This is the first Nancy Drew book I ever read. It was handed to me by my babysitter one hot summer day when I was eight or nine. I was instantly hooked and, luckily, she had the whole series so I spent most of that hot summer reading my way through (in order, or course). I begged my parents to buy them for me so I could read them all over again. These are the only books I've kept for my own daughter. I think that was the summer that made me a reader!
I am a huge fan of Allende's writing ... her prose is magnificent, but this one was different for me. It is the story of her adult daughter's untimely illness and ultimate death. It is funny and touching and mystical. I will never forget reading late into the night with my eyes so full of tears that I could barely see the page, but I had to keep going. It wasn't just Paula's death, but the eloquence of the writing and the eternal bond between mother and daughter. This book makes me appreciate my daughter in ways I hadn't before I read it.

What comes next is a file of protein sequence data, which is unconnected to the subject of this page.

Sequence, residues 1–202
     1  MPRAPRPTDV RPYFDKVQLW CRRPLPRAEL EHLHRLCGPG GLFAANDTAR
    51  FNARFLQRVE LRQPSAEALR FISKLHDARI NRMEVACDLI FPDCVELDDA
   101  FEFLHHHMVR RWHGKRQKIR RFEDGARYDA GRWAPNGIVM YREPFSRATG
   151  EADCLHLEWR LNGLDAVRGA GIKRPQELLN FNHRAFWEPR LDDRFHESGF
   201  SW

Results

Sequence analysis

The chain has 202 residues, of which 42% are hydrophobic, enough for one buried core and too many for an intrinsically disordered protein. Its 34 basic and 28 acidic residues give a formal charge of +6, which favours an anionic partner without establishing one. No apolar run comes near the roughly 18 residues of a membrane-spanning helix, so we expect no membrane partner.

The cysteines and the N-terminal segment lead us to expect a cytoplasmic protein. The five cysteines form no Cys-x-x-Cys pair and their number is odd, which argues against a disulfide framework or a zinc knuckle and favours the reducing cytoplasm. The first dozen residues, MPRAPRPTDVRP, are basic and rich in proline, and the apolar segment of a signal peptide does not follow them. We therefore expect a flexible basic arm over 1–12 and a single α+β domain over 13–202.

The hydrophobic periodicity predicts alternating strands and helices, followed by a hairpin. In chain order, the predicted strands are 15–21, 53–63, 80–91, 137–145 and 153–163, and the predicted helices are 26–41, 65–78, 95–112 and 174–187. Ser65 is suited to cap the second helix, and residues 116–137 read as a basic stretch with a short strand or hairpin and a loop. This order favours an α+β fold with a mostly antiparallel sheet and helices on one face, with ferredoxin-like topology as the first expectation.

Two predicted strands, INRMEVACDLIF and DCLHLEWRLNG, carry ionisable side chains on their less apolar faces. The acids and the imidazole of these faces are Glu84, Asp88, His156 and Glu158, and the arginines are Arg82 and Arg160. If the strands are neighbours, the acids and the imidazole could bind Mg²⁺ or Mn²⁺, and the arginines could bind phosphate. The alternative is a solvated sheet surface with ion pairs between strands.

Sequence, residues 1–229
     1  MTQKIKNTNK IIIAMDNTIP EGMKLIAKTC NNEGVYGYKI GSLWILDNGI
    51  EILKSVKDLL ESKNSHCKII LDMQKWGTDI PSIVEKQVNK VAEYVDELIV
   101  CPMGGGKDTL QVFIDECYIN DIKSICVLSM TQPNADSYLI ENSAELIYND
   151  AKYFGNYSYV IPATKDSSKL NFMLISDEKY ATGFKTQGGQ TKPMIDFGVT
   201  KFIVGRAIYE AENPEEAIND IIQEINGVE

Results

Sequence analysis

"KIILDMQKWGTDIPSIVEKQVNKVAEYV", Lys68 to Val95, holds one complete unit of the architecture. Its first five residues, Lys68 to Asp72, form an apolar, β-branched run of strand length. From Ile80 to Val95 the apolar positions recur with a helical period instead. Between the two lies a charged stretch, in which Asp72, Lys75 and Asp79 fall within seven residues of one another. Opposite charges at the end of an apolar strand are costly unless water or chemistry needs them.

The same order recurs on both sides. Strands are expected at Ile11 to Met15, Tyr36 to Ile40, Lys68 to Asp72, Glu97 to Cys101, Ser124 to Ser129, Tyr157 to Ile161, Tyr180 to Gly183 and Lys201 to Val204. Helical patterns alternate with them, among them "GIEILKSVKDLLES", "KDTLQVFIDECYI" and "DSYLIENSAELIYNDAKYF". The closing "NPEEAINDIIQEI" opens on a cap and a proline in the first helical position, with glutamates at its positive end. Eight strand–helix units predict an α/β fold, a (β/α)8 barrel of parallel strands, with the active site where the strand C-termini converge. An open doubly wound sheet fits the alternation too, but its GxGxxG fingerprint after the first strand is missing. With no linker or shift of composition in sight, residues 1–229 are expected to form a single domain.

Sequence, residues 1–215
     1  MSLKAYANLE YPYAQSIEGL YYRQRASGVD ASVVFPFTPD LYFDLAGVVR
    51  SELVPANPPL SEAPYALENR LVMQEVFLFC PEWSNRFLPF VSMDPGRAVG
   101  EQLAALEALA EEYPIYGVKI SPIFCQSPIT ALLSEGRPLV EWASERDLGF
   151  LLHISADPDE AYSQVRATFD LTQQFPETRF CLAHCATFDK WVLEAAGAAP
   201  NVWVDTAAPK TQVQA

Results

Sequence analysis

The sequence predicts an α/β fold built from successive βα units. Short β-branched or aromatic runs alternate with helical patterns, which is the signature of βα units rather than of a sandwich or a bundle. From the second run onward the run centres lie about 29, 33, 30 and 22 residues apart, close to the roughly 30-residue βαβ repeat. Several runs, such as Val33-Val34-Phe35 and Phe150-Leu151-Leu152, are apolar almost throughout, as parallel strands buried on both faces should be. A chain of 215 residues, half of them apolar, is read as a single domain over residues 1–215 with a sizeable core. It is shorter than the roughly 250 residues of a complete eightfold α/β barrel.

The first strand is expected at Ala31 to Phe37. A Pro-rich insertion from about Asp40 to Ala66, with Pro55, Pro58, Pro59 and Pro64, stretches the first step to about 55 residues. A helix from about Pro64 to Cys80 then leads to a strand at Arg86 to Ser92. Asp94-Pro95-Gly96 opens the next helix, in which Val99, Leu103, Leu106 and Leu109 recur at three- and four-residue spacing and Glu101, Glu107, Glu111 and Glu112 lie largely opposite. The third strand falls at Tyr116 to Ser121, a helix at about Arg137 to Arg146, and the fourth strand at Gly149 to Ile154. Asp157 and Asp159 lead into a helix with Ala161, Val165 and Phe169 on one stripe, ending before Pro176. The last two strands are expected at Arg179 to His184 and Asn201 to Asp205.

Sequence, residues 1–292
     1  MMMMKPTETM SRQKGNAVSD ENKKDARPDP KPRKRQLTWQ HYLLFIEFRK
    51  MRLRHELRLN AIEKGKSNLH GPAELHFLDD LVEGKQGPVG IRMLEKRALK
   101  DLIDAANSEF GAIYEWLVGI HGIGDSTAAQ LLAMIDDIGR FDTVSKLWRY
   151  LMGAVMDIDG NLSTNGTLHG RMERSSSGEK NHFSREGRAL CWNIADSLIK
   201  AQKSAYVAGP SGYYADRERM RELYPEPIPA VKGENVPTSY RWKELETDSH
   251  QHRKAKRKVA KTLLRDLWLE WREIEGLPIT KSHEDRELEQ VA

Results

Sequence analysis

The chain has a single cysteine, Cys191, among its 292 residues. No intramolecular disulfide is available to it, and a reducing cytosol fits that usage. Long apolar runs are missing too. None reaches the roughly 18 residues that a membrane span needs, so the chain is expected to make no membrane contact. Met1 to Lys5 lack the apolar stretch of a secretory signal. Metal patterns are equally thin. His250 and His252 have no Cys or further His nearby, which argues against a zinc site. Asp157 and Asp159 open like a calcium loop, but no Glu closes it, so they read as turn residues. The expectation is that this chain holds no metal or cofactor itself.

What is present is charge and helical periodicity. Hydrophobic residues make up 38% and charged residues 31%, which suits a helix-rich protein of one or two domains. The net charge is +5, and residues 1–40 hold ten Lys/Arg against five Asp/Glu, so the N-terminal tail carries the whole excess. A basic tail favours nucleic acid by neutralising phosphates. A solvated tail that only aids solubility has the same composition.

I read this book probably fifteen years ago near the start of my teaching career. It energized my passion to teach as well as my passion to be a lifelong learner. Kidder also opened my heart and helped me interact with children and their families in a different way.
When I was in Junior High, I had a pair of English teachers who used a point system to track our monthly reading assignment. Books were assigned point values, and to earn a certain grade you had to read books based on the points. Well ... I digress ... this book was part of that library, and I picked it because (believe it of not) it was the right number of points. I remember being shocked and outraged by this account of the atomic bombing of Hiroshima. It sparked a couple of things in me ... first, I couldn't look at the world in quite the same way and, second, I learned that my father was stationed in Korea at that point of WWII and would have been part of the Japanese invasion force. I don't think I would ever have heard that story if I hadn't been reading this book.
This choice is for a number of reasons, but one is that I truly enjoy mysteries of any kind. It probably goes back to my Nancy Drew days. But, more importantly, the author is a friend and reminds me that people are not destined for only one thing in life, but that we are more complex and play a multitude of roles.
I'd be curious what anyone else would select. Happy reading!